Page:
March was another busy month for fieldwork as we documented around 25 more lambs in the mountains from Palm Springs to La Quinta bringing the total to just over 60 lambs born this year in our three study area! Many of these lambs were observed in the mountains south of La Quinta (far from the golf courses), which is great news. Lambs range in age from a couple weeks to 3 months old (as seen in this photo). Obviously, not all of these lambs will survive, but the good news is, the vegetation is lush and plentiful so these lambs and their mothers have a nutritious jump start before summer sets in.
Wildflowers and Festival
If you’ve been hiking or walking anywhere around the Coachella Valley the past couple of weeks you’ve seen the incredible display of wildflowers! This year has been exceptionally exquisite and many flowers are still blooming as we write this. The hillsides are covered in a sea of yellow brittlebush, which the sheep love to eat. (Flowers pictured left to right: Ghost Flower, Desert Monkeyflower, Beavertail Cactus, Brittlebush)
On Saturday, March 4th, Bighorn Institute participated in the annual Wildflower Festival at the Santa Rosa and San Jacinto Mountains National Monument Visitors Center in Palm Desert. The event had a record number of attendees and was a wonderful education and outreach opportunity!
Lambs in Canal
In March, there were two separate known incidents of lambs falling into the Coachella Canal at PGA West in a 10 day period. The first lamb was rescued by some visitors and the second lamb miraculously climbed out of the canal itself. These incidents could have certainly ended in death for these young lambs. Nine bighorn sheep have been reported falling into this canal in recent years, four have drowned (including a lamb) and the others were rescued or got out on their own. These preventable deaths and incidents accentuate the need for a fence around the golf courses in La Quinta to keep the bighorn safe in their native habitat.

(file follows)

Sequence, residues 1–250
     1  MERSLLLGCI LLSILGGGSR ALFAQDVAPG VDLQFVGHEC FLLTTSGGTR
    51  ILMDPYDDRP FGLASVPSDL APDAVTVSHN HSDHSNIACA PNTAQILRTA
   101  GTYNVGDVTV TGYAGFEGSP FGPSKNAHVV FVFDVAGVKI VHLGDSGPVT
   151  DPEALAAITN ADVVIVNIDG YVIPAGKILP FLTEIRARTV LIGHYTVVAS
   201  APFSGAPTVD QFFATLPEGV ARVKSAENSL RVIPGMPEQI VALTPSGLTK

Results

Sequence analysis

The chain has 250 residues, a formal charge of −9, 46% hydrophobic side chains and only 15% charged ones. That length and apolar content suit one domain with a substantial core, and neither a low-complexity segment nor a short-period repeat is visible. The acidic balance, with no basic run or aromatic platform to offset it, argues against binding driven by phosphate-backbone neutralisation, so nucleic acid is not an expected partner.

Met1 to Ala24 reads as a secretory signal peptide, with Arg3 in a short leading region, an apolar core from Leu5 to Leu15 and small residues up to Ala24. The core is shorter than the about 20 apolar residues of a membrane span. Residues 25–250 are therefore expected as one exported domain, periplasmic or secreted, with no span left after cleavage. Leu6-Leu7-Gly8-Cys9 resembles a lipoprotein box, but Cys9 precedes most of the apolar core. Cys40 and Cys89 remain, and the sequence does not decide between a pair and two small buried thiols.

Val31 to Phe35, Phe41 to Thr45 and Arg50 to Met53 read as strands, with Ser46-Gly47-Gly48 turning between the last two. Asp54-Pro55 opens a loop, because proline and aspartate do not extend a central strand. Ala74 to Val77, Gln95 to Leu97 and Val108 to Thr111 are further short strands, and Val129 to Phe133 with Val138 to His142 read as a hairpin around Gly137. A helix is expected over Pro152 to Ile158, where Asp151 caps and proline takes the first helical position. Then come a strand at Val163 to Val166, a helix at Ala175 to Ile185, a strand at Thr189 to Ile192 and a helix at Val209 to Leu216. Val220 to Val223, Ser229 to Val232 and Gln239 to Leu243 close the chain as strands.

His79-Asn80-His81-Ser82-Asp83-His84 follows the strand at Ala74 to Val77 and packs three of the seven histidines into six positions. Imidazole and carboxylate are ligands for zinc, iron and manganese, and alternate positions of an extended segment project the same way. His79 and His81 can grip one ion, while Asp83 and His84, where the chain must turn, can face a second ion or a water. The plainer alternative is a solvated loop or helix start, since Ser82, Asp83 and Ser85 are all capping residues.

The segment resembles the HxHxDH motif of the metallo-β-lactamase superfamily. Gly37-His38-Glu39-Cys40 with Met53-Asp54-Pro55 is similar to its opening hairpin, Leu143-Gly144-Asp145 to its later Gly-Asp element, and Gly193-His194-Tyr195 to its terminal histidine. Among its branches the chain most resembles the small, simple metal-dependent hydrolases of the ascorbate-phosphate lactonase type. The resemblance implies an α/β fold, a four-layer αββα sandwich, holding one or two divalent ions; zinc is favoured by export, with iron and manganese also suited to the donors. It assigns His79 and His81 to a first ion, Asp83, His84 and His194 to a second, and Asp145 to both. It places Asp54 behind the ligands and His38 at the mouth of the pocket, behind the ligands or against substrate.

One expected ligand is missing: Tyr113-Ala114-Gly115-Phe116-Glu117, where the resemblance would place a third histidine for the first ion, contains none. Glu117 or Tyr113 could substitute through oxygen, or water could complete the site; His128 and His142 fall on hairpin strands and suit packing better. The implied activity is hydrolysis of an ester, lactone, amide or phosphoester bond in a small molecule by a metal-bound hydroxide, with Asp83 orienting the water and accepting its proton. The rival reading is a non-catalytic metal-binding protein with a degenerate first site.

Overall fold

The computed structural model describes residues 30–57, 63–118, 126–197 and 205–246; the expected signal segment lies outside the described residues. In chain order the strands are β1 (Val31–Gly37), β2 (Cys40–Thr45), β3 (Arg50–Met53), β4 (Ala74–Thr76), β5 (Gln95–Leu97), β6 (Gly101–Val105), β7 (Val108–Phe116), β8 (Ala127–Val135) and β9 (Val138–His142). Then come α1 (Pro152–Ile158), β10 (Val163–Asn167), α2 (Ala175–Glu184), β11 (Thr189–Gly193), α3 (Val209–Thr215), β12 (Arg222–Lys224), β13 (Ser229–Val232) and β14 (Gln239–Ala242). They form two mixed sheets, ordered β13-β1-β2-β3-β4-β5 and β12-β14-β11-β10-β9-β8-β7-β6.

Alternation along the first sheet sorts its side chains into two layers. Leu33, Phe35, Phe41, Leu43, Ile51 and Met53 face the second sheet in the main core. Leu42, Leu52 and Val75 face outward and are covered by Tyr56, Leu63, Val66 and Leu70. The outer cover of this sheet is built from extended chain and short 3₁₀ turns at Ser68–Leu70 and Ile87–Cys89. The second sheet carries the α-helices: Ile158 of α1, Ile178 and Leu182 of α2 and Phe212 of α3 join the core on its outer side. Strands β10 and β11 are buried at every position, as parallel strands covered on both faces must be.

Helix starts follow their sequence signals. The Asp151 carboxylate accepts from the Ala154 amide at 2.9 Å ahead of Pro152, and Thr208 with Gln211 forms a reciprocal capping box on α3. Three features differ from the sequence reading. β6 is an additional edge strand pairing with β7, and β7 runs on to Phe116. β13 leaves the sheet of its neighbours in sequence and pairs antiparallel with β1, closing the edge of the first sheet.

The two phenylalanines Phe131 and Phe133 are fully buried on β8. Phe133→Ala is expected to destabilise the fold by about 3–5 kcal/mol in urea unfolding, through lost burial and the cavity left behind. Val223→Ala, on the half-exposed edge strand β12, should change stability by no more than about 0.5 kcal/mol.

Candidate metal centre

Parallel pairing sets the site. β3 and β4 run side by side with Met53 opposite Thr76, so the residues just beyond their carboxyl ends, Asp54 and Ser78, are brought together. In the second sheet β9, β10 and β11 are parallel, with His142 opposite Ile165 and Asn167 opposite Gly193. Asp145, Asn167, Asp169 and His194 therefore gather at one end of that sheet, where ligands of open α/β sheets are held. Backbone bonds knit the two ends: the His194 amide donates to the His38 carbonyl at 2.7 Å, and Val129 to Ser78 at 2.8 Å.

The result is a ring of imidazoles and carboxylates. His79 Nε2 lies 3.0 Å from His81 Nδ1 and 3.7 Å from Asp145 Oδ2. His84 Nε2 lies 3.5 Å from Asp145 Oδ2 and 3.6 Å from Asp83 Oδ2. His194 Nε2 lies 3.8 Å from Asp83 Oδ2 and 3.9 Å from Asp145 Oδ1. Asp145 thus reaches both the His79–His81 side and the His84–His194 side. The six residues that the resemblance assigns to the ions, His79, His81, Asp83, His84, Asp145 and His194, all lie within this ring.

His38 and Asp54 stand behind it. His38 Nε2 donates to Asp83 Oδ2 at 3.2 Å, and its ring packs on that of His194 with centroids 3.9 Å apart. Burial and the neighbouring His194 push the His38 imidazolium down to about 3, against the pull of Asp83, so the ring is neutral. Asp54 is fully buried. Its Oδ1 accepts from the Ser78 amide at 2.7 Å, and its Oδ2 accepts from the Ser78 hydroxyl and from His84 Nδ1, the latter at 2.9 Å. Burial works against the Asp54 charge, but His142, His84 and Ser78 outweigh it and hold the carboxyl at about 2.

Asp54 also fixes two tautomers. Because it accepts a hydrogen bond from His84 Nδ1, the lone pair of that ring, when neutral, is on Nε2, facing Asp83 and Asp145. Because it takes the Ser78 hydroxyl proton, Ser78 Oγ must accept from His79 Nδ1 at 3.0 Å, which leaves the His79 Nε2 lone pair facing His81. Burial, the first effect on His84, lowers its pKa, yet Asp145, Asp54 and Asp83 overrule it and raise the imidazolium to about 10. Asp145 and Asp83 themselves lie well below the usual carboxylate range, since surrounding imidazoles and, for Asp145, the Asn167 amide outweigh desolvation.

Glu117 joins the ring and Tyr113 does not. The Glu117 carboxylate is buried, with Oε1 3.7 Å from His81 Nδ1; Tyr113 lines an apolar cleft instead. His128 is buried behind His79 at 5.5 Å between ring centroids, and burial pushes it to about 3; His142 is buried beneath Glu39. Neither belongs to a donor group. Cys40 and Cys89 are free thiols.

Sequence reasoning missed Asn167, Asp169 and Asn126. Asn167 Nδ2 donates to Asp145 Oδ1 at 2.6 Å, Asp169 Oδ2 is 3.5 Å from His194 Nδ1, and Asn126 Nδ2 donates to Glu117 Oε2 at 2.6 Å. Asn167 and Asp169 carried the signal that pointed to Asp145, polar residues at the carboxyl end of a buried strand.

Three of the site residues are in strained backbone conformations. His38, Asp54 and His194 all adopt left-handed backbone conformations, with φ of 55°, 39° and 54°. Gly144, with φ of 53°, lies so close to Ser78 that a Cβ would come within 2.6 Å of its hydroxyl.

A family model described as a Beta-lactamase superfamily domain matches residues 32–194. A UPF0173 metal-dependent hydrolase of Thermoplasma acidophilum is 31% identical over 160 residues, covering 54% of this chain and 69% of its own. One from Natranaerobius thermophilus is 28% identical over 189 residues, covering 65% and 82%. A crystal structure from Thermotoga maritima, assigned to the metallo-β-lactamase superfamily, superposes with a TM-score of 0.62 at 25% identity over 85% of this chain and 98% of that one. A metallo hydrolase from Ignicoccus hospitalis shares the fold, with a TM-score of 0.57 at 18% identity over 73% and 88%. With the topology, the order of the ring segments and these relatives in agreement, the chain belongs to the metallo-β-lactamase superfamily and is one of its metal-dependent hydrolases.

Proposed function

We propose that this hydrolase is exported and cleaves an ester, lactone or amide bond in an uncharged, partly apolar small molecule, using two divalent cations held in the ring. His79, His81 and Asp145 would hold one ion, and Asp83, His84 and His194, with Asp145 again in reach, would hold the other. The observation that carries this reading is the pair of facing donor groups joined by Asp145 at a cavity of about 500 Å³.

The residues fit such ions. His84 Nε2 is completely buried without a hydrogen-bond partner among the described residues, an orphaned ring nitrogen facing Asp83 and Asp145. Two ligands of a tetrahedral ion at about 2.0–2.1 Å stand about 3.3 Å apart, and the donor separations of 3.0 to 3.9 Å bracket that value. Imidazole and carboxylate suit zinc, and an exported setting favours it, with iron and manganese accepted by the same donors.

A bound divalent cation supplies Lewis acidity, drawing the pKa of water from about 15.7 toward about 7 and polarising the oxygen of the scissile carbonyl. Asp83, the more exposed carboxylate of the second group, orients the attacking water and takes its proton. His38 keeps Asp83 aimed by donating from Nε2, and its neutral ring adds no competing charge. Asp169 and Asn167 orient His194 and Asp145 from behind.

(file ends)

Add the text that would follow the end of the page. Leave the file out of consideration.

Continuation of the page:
In addition to these canal catastrophes, a yearling ram wandered out into the streets of La Quinta in mid-March and the Sheriff’s Department responded, but the ram got as far as 3 miles away from the nearest mountain on Avenue 54. This is a significant human safety issue because drivers must look for sheep where sheep shouldn’t be. Again, if a fence were installed, it would keep bighorn and people safe as they don’t mix well in the urban areas.
Please remember that Peninsular bighorn sheep are an endangered species. If you encounter a bighorn in distress or have any other emergency regarding the sheep, please call Bighorn Institute 760-346-7334 or CA Fish and Wildlife (Kevin Brennan) 760-861-3627.
If you’ve been hiking in the local mountains this month you’ve probably been hard pressed to not step on the plethora of caterpillars. These are primarily sphinx moth caterpillars and many are white-lined sphinx moths (Hyles lineata), and they have been devouring the abundant vegetation. They vary in color from black and yellow to bright green and have a horn on their hind end. They’ve been all over the Institute property and have made getting around a bit challenging as we try to avoid them. They are beginning to burrow in the ground where they will pupate for 2 to 3 weeks before hatching out as a moth. They will then help pollinate flowers. We’re not the only ones enjoying this explosion of caterpillars; the local fauna has been feasting on them, including birds and lizards. So, the circle of life continues, which is nature’s way in the great outdoors.
Want to see bighorn sheep in the wild?! Come out with our bighorn biologists and look for sheep on a local trail! Our next Member Hike will take place in La Quinta at 8:00am on Friday, April 7th. We would love to have you join us, but space is limited, no dogs, and you must RSVP for this first come first served hike. To sign up or for more information, please call us at 760-346-7334 or email us at email@example.com.